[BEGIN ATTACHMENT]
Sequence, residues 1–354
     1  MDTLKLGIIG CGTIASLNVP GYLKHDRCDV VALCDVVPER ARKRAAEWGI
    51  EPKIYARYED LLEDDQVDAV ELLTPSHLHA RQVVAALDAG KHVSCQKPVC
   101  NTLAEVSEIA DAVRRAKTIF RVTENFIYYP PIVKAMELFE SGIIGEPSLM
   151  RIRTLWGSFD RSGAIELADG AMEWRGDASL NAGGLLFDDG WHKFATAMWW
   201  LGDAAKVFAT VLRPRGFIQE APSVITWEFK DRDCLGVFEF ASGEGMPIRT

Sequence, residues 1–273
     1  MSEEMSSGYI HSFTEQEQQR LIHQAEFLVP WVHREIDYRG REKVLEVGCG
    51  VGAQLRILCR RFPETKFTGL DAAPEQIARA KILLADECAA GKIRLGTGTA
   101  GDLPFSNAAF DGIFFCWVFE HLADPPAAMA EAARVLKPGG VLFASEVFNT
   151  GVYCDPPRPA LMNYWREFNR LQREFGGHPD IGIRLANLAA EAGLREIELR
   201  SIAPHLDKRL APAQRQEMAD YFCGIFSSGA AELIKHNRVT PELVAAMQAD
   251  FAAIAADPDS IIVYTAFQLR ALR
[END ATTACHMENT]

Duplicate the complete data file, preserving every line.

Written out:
Sequence, residues 1–354
     1  MDTLKLGIIG CGTIASLNVP GYLKHDRCDV VALCDVVPER ARKRAAEWGI
    51  EPKIYARYED LLEDDQVDAV ELLTPSHLHA RQVVAALDAG KHVSCQKPVC
   101  NTLAEVSEIA DAVRRAKTIF RVTENFIYYP PIVKAMELFE SGIIGEPSLM
   151  RIRTLWGSFD RSGAIELADG AMEWRGDASL NAGGLLFDDG WHKFATAMWW
   201  LGDAAKVFAT VLRPRGFIQE APSVITWEFK DRDCLGVFEF ASGEGMPIRT

Sequence, residues 1–273
     1  MSEEMSSGYI HSFTEQEQQR LIHQAEFLVP WVHREIDYRG REKVLEVGCG
    51  VGAQLRILCR RFPETKFTGL DAAPEQIARA KILLADECAA GKIRLGTGTA
   101  GDLPFSNAAF DGIFFCWVFE HLADPPAAMA EAARVLKPGG VLFASEVFNT
   151  GVYCDPPRPA LMNYWREFNR LQREFGGHPD IGIRLANLAA EAGLREIELR
   201  SIAPHLDKRL APAQRQEMAD YFCGIFSSGA AELIKHNRVT PELVAAMQAD
   251  FAAIAADPDS IIVYTAFQLR ALR